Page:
That’s the great thing about an online group – people can participate when they have time. Generally someone posts an OP (“original post,” which can either refer to the first post in a thread or to the person who makes it) to kick off the discussion, and then people read that OP and respond, or respond to what other people have said, or raise their own issues. By starting a new OP every two weeks, or twice a month, or whatever, we keep things moving along.
Okay, next is to figure out what books to do, and what book to start with.
Suggested so far:
Slaughterhouse-Five Catch-22 The Inferno
A couple of votes for Ulysses, but several votes emphatically against it, so let’s take that off the table for now.
I’d like to read some older American classics: I love Edith Wharton, and would suggest The Custom of the Country for a great intro to why I love Edith Wharton. I’d also be interested in revisiting F. Scott Fitzgerald, who I adored in HS but haven’t read in almost 40 years – maybe Tender Is the Night? Someone in the reading thread has been reading Sinclair Lewis and loving it – again, I read him as a kid, but would be interested in going back. Babbit and Elmer Gantry would be possibles.
Even if a different person picks the book and posts the OP each month, you need a single person to keep the list of who’s doing what when and reminding people to do what they’re supposed to do. Again, this isn’t an arduous time commitment from that person – just maintaining the list, posting reminders (“Discussion of X will begin one week from today”), and following up with OPs if they don’t start their threads in a timely manner.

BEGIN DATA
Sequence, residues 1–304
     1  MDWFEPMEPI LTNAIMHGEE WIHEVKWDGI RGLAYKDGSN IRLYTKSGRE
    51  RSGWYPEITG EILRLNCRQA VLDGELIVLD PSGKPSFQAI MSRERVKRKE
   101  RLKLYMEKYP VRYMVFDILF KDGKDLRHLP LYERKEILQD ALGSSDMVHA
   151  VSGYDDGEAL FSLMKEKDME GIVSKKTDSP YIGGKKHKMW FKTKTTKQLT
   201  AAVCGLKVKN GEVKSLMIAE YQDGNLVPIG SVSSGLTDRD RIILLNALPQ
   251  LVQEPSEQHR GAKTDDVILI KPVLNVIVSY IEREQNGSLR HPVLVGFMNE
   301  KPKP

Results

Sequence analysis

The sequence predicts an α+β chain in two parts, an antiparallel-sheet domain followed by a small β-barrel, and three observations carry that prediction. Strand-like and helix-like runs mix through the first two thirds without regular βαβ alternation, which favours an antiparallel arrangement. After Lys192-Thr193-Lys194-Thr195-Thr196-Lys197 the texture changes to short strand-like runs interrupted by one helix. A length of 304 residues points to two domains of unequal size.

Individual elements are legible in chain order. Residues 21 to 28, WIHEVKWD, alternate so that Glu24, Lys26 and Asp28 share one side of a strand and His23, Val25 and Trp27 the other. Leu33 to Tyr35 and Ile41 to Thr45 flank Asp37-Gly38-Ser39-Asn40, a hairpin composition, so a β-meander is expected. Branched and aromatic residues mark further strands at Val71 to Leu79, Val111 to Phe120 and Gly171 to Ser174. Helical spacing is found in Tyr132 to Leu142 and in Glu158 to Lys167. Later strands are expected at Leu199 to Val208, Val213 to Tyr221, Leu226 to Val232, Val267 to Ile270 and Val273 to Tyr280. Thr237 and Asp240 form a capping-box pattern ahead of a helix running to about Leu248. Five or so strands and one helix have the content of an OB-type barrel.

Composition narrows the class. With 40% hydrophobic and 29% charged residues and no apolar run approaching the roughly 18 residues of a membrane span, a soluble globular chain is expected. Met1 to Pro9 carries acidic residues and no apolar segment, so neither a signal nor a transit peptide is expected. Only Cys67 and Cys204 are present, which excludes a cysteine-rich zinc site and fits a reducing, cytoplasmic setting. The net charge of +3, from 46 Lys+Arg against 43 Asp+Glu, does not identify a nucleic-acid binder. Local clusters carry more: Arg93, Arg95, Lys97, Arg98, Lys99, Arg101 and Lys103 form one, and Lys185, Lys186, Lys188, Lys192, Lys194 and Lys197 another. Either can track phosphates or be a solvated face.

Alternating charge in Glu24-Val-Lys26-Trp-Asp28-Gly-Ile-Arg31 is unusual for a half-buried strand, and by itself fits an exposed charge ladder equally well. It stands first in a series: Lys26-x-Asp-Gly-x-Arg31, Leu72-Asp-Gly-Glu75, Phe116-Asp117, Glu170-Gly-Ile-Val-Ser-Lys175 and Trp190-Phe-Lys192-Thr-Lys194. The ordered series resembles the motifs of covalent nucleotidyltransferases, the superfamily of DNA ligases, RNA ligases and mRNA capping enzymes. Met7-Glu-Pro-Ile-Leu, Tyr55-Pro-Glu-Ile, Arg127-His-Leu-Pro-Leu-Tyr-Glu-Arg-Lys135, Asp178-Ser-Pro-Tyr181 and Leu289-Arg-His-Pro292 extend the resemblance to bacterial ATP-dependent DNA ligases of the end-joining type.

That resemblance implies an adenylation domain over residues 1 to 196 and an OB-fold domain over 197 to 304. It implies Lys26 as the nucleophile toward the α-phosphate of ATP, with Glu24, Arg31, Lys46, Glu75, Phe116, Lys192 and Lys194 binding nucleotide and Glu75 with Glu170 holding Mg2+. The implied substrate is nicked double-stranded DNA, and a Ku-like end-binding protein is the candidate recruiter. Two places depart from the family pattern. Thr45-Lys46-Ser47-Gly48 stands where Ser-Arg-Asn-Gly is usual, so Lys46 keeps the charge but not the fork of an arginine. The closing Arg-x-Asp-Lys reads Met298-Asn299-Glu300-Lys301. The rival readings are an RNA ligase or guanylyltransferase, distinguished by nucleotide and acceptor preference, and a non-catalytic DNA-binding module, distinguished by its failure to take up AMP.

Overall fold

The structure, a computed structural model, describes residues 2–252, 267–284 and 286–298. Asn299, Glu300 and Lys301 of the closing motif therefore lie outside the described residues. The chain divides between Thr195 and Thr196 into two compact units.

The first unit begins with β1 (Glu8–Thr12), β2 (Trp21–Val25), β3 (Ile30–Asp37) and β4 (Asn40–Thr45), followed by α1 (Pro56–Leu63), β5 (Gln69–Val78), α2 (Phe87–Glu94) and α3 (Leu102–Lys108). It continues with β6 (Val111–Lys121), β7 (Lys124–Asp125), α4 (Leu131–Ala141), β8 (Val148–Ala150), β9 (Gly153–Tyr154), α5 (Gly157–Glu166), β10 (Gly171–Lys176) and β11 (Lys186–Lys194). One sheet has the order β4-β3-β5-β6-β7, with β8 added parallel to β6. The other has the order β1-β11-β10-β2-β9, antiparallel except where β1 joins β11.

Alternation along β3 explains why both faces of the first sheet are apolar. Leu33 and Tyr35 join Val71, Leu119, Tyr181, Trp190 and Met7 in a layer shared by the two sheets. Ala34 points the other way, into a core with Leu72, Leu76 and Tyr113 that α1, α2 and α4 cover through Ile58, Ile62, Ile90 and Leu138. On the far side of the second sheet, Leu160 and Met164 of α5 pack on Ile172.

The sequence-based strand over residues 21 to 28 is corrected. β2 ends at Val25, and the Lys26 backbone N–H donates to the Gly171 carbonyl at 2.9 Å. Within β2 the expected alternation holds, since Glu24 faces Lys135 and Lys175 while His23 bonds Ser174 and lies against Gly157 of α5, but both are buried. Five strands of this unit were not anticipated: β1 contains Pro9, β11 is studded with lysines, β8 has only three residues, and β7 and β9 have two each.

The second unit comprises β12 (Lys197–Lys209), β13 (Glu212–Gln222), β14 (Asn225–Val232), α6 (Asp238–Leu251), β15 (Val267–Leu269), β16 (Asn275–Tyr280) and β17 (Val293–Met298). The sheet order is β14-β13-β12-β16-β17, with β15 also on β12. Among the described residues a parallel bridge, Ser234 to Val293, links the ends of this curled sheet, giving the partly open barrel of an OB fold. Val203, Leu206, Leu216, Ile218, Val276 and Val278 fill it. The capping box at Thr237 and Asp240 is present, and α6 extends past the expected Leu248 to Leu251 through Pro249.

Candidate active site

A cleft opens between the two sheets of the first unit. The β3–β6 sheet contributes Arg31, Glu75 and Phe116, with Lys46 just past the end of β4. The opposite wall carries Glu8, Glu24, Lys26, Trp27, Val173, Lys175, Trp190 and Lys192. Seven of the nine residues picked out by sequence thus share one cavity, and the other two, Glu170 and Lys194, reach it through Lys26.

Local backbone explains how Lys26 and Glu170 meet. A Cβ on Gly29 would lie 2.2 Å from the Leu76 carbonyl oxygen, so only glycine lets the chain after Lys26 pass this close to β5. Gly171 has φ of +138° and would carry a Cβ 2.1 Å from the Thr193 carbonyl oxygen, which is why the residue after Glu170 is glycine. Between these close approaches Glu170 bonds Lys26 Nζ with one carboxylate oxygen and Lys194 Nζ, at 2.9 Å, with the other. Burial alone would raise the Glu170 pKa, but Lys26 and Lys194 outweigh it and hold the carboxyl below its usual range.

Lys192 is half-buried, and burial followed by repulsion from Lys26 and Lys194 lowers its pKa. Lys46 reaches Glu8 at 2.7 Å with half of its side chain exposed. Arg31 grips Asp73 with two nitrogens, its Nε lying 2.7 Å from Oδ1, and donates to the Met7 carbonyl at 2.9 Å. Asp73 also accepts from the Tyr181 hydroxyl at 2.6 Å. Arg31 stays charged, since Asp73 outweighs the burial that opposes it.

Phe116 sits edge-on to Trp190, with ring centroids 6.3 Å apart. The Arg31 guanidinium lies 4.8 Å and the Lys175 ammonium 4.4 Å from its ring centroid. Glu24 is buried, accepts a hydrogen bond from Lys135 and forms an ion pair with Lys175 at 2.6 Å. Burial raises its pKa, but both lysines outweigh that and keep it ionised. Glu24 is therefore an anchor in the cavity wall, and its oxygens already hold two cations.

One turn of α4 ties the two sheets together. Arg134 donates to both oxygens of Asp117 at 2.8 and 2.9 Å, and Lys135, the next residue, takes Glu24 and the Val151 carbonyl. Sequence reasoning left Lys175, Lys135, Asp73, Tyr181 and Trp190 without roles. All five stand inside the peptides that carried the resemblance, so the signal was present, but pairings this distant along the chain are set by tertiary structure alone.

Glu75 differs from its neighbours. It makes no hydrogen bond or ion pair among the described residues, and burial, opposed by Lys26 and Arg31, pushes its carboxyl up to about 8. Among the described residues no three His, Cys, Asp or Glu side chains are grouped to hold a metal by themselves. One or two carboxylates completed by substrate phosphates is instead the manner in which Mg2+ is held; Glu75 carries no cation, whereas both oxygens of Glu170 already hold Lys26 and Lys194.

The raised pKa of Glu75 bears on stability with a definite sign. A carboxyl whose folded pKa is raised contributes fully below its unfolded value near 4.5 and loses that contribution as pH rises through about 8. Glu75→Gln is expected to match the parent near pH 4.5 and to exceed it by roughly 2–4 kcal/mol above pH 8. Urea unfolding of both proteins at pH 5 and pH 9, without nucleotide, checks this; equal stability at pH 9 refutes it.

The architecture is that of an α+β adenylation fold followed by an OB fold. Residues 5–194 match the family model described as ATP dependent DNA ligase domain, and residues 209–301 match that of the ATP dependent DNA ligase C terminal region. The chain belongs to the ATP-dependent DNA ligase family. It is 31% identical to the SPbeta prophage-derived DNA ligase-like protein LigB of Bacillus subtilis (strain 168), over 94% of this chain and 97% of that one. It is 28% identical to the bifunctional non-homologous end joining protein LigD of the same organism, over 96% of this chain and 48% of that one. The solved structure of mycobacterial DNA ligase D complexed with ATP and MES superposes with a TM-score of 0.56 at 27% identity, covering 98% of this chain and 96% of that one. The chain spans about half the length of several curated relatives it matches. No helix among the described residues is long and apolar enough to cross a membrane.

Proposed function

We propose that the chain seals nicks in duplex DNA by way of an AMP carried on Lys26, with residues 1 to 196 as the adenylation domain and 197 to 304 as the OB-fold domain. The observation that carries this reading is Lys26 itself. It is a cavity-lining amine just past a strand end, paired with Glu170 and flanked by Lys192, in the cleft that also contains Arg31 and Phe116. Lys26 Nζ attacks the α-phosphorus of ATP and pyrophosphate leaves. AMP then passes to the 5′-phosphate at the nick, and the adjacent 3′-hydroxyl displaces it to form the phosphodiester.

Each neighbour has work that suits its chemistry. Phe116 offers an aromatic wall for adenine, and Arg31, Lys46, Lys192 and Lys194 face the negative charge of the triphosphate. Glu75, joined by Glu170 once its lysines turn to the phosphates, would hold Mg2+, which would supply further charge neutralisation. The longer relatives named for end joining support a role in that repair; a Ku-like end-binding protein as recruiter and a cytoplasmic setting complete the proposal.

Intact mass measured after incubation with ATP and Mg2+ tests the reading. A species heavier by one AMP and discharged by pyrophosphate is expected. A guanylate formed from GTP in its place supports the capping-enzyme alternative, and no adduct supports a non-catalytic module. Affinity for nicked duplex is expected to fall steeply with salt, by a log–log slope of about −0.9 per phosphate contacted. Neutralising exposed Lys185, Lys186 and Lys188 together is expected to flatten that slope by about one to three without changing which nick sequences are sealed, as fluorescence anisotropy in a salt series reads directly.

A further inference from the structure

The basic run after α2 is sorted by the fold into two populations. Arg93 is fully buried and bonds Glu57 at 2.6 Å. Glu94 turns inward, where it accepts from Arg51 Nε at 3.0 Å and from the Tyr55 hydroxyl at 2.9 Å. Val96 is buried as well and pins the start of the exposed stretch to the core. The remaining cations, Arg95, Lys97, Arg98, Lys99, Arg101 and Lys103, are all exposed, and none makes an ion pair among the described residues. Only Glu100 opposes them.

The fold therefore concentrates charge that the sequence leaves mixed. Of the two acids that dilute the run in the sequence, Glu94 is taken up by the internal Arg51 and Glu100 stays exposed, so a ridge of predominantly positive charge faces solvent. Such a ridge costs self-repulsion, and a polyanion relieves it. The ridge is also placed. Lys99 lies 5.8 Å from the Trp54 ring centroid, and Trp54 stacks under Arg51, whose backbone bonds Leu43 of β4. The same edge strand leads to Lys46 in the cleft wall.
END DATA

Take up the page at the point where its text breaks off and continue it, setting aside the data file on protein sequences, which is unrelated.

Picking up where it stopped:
Otherwise, after a month or so, the whole thing dies a natural death. (See, for instance, Little Nemo’s effort to start a film group a few months ago.) If you don’t have someone responsible for keeping things going, they don’t.
I’d be willing to do the initial list set up work, but I can’t commit to doing the ongoing reminders. I have a major project at work next year that may, at times, prevent me from doing reminders and such forth in a timely fashion. I’m more or less free till New Year’s, but I’d feel better about handing off at that point.
If we use twickster’s model, we can probably get a reasonable schedule set up for the next 6+ months. I’m thinking we do a poll, and folks post in the thread that they are 1) interested in joining, and 2) a book that they’d be willing to do the OP for. We can get the schedule based on say the top 6 or so vote getters, do them in order, with the OP belonging to the volunteer. New poll after a few months to set the next 3 months, and so on.
So, I have an expanded list of suggestions below, taking books mentioned (one per author) along with a few others. My other additions are either personal favorites or intend to reads. I limited this to fiction, assuming that was Talon Karrde’s original intent. I’d suggest another few days or so to add/subtract from this list, and then move to a poll.
Modern Classics (1900-Present): Slaughterhouse-Five (Kurt Vonnegut) Catch-22 (Joseph Heller) Tender Is the Night (F. Scott Fitzgerald) Elmer Gantry (Sinclair Lewis) Love in the Time of Cholera (Gabriel Garcia Marquez)
Older Classics(Prior to 1900): The Inferno (Dante Alighieri) The Custom of the Country (Edith Wharton) Heart of Darkness (Joseph Conrad) Vanity Fair (William Makepeace Thackeray) The Sixteen Satires (Juvenal)
Modern Fiction: The Princess Bride (William Goldman) The Best of HP Lovecraft (H.P. Lovecraft) Babel-17 (Samuel R. Delany) The Murder of Roger Ackroyd (Agatha Christie) Midnight in the Garden of Good and Evil (John Berendt)
I would love to participate in this along with the rest of you! But I’m only going to be able to join in on books that are available for free online. I’m seriously short of cash at the moment and can’t buy books. My local library is tiny and doesn’t have much of a collection. It does participate in interlibrary loan, but it can take up to six weeks to get a book, and then you can only keep it for two weeks, no renewals. So if any of the books you choose are ones that I can read online, count me in!